Drug Interactions Between Antibiotics and Select Maintenance Medications: Seeing More Clearly Through the Narrow Therapeutic Window of Opportunity

Regal, R.E.; Vue, C.O.

The Consultant Pharmacist 19(12): 1119-1128

2004


DOI: 10.4140/tcp.n.2004.1119
Accession: 068492533

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Abstract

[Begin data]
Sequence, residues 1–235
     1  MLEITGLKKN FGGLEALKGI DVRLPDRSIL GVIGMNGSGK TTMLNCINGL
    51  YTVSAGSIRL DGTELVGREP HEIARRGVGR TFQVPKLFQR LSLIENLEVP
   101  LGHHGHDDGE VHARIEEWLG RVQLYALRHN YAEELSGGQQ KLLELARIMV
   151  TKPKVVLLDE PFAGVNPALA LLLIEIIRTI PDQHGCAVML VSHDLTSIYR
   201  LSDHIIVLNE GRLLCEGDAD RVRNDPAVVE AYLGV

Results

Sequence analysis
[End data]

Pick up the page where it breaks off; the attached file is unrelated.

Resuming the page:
Infections often occur while treating patients with long-term medications for chronic illnesses. Treating these infections with systemic antibiotics often leads to pharmacokinetic and pharmacodynamic interactions between the antimicrobials and one or more of the maintenance medications. Previously optimized long-term regimens may become either subtherapeutic or super-therapeutic, with deleterious consequences. This article discusses some of the most significant and commonly encountered antibiotic drug interactions that may occur with medications with "narrow therapeutic windows" including warfarin, phenytoin, carbamazepine, theophylline, and the two calcineurin inhibitors. Given the logistics of many consultant pharmacists' practices, it may not always be possible for them to react prospectively when these combinations are prescribed at their facilities. Therefore, there are several things the pharmacist can do: provide regular and comprehensive inservice raining on this topic, be available as needed to answer patient-specific questions, and provide readily available charts and other educational materials that help identify and characterize these important interactions. A Medline search of the English literature was performed in October/November 2003, going back to 1980 for the commonly used antibiotics and drug interactions stated in this text. In some cases, cross referencing of articles reviewed also led to older publications. Textbooks dealing with drug interactions also were used as initial sources. However, whenever possible, any data quoted within the text were verified from the original research paper. Pharmacokinetic studies, case reports, and general review articles published in the English medical literature were all selected for review. In cases where review articles were cited that summarize groups of data from previous original research papers, the authors made the best possible effort to verify the accuracy by referring to the original research papers. Because of the breadth of the topic in terms of all the antibiotics discussed, the interacting medications that pertained to each antibiotic, and the lack of homogeneity among the various types of papers (most of which were case reports), most analyses include broad-based summaries based on the aggregate findings of the authors. The addition of antibiotics to a stabilized medical regimen can result in either potentiation or antagonism of the clinical effects of narrow-therapeutic-window medications such as warfarin, phenytoin, theophylline, calcineurin inhibitors, carbamazepine, and numerous other agents. As usual in the clinical arena, awareness is the first step in appropriate management of these encounters.